Everything Here is the Best Thing Ever
Epigrams abound in Justin Taylor’s stories. “Everyone’s their own best lover,” one voice observes. “The assumption of knowledge is one part of the fantasy of mastery,” muses a different narrator. One of his characters reproves another: “Every day of your life is getting something you never asked for.”
That kind of compressed truth exemplifies Taylor’s strengths, which combine surprise with unexpected depth. At first glance his stories resemble Florida trailer-park fiction, with grotesque characters who may be poor, crude, drunk, and violent. Then a stoned character puts down a friend’s remark with the rhetorical question, “Who’s that? Barthelme?,” and the reader suddenly finds himself on a different plane entirely.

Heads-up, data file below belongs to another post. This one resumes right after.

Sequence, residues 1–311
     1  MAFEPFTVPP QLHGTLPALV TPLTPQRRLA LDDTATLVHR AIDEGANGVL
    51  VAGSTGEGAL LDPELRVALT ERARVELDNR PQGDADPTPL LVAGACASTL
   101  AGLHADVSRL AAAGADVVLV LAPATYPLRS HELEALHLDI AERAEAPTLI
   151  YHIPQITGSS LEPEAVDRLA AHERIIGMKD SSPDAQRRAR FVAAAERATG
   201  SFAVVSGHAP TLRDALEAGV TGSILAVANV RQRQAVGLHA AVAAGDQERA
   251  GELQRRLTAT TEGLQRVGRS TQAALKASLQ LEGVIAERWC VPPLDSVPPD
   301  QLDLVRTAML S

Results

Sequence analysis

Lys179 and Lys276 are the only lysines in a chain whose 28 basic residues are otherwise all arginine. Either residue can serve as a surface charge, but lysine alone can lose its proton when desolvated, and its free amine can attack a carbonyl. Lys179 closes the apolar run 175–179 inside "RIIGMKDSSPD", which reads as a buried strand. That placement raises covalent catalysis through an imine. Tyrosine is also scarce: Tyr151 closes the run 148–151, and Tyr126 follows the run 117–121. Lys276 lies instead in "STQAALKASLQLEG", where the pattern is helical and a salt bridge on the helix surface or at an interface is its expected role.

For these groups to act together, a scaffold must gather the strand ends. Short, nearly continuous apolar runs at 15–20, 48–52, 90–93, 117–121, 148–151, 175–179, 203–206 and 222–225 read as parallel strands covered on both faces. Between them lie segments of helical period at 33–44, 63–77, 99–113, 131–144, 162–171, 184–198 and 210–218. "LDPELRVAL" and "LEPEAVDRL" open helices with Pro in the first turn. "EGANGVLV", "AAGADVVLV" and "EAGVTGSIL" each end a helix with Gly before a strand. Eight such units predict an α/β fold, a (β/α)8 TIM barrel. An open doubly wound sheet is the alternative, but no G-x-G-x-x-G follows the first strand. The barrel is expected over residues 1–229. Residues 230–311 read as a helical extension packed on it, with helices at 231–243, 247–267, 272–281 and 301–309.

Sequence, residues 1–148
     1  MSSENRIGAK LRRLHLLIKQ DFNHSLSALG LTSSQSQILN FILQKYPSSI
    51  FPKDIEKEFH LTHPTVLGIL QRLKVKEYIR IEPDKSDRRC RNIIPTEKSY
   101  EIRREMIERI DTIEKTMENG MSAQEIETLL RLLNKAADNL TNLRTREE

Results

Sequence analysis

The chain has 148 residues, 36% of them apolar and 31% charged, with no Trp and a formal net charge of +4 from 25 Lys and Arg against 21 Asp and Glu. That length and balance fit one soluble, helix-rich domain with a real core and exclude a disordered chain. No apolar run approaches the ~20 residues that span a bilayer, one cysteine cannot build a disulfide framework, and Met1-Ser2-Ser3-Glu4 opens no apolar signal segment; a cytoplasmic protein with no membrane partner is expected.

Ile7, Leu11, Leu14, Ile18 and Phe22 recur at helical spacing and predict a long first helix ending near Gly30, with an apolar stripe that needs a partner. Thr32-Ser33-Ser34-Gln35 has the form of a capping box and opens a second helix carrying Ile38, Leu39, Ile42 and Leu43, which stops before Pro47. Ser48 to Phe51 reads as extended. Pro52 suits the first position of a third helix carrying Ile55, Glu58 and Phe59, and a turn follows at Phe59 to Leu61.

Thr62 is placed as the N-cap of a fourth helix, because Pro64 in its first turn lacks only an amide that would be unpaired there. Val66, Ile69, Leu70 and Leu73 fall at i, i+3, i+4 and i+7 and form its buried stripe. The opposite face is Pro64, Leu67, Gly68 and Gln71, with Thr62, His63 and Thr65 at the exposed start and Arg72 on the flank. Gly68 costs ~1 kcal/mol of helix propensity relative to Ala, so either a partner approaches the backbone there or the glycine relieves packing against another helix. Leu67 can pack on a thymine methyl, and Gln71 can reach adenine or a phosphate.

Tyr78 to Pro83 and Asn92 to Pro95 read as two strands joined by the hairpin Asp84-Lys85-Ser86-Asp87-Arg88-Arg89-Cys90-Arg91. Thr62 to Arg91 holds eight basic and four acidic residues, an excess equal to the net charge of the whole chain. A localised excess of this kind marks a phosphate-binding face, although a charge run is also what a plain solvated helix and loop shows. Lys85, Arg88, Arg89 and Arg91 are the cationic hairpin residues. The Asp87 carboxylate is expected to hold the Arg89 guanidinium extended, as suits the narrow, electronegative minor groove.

Beyond the literary references, which are numerous, Taylor’s sophistication shows itself in the way he treats existential questions about happiness, love, justice, goodness, and eternity, concerns that lie at the heart of great literature. Perhaps subconsciously he brings to mind Isaac Bashevis Singer, another Jewish writer who felt at home with ghosts, angels, magic spells, sexual desire, human failings, mortality, spiritual yearnings, and with other writers.
Taylor’s descriptions are stunning in their evocative originality, such as “talk radio that makes your brain shrivel up like a salted slug.” A man carries an injured woman “like a monster with a cherished victim.” A young East Village woman is summed up as a “bottle blond with end-of-season-sale designer wear.” His voice is utterly contemporary, including its casual attitude towards a fluid and sometimes brutal sexuality. The tour de force of this collection, “Jewels Flashing in the Night of Time,” examines power and obsession as it seamlessly integrates the tortures of Abu Ghraib, meatslicing at a deli, quotes from Georges Bataille’s Story of the Eye, and masochistic sex. This is a memorable, astonishing debut.